Posts Tagged ‘Underwater Mortgages’

There are several excellent points in this article. First, debts that cannot be repaid won’t be. A person underwater by tens or hundreds of thousands of dollars is eventually going to default (the majority of them anyway). There are exceptions, bust most will not stand by and pay a premium for years on end while their neighbors pay a fraction of the cost for the same housing. Further, as the banks are bailed out again and again and no relief is given to the homeowner, default becomes palatable.

Second, the government has sacrificed our economy to the banks profit. The bailouts and continued programs purported to “help homeowners” – themselves just thinly veiled bailout vehicles for the banks – can be characterized in no other way.

Finally, the government as a sovereign entity holds absolute power over the corporation. That they have not forced resolution only backs up the second point; the economy takes a back seat to corporate profit and political power.

This will not end well. Instead, it will end in the destruction of millions of financial futures.

Millions of lives have been financially ruined (through some fault of their own, to be sure…but there are contributing macro factors). Millions more will be ruined as they struggle to hold on and continue to pay their mortgages in the hope the banks and politicians will act to stem the tide, rather than profit from it.

Read the whole thing.

 

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The bank settlement doesn’t address the rampant fraud perpetuated by the banks. When asked, prosecutors and politicians say this is just the initial step. I don’t agree; when the dust settles (what little dust this will create), the banks will point to this settlement and say, “But we’ve paid our dues.” Further, politicians will look to this and say, “We made the banks pay!” Neither of which is true.

 

There are entirely too many “coulds” and “mights” in this article. One other detail jumps out; if California receives 9 to 15 of the 25 Billion, a “couple hundred million” per remaining state is not valid. These banks are being given a free pass, especially when you consider how much the taxpayer has given them. We are literally paying the settlement for them.

 

 This is being touted as good news.  It is not.  For relative chump change, these banks will be indemnified for their crimes.  The same banks will then charge fees, recouped from the payout no doubt, to help a limited number of people. Be assured they are right now looking for any loophole that will allow them an out.    Be also assured their friends in the judicial and legislative systems are helping insert more of the same loopholes.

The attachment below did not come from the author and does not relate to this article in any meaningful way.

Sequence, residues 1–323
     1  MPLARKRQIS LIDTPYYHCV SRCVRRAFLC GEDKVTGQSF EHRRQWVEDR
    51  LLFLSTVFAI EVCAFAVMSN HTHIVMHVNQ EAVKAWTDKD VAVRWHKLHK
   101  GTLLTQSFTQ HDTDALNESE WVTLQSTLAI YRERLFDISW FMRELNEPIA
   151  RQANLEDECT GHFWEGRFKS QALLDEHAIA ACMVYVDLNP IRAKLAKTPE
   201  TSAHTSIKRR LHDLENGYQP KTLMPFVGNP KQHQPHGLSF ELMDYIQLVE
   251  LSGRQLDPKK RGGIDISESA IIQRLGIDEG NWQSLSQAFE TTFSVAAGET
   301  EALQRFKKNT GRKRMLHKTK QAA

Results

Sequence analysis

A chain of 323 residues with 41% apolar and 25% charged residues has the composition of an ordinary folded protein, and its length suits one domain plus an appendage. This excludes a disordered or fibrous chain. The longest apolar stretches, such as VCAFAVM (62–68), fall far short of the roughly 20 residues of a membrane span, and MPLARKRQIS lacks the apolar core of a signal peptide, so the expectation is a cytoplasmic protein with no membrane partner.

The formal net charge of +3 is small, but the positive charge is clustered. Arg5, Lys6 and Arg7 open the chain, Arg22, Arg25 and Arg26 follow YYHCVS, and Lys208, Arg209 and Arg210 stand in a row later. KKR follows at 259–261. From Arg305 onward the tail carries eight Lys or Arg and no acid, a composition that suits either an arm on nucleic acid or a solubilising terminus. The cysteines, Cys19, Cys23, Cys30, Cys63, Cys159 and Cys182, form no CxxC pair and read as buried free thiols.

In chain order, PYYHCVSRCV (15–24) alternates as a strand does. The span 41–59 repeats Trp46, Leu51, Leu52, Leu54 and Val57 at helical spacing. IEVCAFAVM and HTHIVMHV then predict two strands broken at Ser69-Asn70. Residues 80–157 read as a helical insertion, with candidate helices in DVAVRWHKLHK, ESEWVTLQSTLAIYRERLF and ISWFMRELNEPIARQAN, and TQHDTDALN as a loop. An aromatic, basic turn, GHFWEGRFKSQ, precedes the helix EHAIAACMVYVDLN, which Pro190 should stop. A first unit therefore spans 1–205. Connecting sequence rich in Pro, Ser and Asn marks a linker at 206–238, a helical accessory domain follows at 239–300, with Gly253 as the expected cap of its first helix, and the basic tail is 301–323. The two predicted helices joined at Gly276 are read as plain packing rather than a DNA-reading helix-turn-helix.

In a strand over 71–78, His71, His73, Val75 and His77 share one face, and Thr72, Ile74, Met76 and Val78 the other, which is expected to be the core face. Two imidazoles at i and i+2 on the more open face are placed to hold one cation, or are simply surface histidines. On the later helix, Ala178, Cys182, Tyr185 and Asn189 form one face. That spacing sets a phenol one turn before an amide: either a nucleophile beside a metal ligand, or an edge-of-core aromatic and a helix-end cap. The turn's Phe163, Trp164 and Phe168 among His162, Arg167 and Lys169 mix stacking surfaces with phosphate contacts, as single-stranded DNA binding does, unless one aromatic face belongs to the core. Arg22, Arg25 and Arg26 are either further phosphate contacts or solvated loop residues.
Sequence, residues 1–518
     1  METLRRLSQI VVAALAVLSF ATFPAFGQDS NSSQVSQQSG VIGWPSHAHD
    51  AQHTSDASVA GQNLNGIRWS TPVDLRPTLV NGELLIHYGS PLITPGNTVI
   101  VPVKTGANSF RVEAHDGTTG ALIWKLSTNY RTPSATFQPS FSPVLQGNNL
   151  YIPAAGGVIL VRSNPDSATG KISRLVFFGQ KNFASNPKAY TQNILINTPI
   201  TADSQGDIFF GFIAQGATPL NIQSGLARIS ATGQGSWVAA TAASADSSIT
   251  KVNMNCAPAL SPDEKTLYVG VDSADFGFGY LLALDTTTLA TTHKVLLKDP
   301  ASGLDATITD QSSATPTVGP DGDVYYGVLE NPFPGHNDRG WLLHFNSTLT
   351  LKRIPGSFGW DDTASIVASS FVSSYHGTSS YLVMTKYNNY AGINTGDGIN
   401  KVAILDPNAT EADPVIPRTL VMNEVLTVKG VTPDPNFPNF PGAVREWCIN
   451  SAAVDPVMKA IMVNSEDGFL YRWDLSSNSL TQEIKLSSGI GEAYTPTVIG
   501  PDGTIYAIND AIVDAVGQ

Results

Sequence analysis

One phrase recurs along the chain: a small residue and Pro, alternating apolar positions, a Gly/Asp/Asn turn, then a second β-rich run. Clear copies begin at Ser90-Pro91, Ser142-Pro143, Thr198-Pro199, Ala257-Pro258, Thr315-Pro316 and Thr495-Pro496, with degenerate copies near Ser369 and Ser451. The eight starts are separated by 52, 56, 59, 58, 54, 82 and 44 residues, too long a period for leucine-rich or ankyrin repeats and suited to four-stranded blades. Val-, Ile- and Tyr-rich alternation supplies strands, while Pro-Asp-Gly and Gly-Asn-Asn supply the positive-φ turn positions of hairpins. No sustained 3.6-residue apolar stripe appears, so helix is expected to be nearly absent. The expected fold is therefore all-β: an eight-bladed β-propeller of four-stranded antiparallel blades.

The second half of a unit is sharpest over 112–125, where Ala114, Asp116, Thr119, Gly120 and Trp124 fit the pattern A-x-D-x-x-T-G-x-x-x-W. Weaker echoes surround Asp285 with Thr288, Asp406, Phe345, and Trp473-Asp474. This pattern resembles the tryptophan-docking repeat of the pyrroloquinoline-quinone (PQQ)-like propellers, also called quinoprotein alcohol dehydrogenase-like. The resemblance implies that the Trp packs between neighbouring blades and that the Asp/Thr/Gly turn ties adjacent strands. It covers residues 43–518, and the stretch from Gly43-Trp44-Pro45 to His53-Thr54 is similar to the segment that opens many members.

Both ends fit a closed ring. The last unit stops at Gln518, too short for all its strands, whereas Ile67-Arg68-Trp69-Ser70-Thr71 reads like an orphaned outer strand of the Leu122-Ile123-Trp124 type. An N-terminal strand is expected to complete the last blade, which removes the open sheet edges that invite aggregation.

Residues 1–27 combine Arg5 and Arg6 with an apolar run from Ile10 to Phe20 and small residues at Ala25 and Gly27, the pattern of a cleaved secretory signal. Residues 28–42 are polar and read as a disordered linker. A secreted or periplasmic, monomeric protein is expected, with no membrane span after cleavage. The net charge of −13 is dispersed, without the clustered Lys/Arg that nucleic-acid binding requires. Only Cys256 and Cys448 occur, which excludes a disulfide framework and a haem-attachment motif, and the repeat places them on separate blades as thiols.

Most states allow a lender to pursue a deficiency judgment for years after a foreclosure.  Further, acknowledging that debt to a collector during those years can “refresh” the statute of limitations on thr debt.  This is why a short sale or bankruptcy is the preferable route; it deals with the debt up front.  

Banks are not your friend.  They are not your ally.  They do not – as an institution – have your best interests at heart. 

 Damn criminals.  That’s all I have to say about that.

 As always, Mish has great words.  However, the comment thread is even better than Mish’s post…it gets deep fast.

Everyone’s favorite bank makes it right.  However, this does highlight a problem with their system.  There should be a human review before the computer makes any move to start the process. I don’t look for them to fix it. 

The Today Show had a segment about the low mortgage rates.  One of their takeaway points was to pay down your mortgage if you’re more than 125% underwater (to take advantage of refinancing).  Even if you were to do this, you’d still be at the mercy of the government program(s) to do this, and the bank has little or no incentive to actually help you.

Here’s what I wrote:

http://www.facebook.com/topic.php?uid=12566691349&topic=18154

Love your show, Today folks, but have an issue with something I heard this morning in regard to refinancing and underwater mortgages this morning on your show. If a person is 125% or more underwater, there are no good options. Additionally, for all the talk of government programs, the banks have no incentive to actually assist the homeowner. Further, advising the homeowner to pay down the mortgage to the point where they can refinance is not a realistic option. Dropping tens of thousands of dollars against an extremely undervalued liability is not the best use of their money. In most cases, the best bet is to cut their losses. For those who would talk of moral hazard, we crossed that threshold $2 Trillion dollars ago.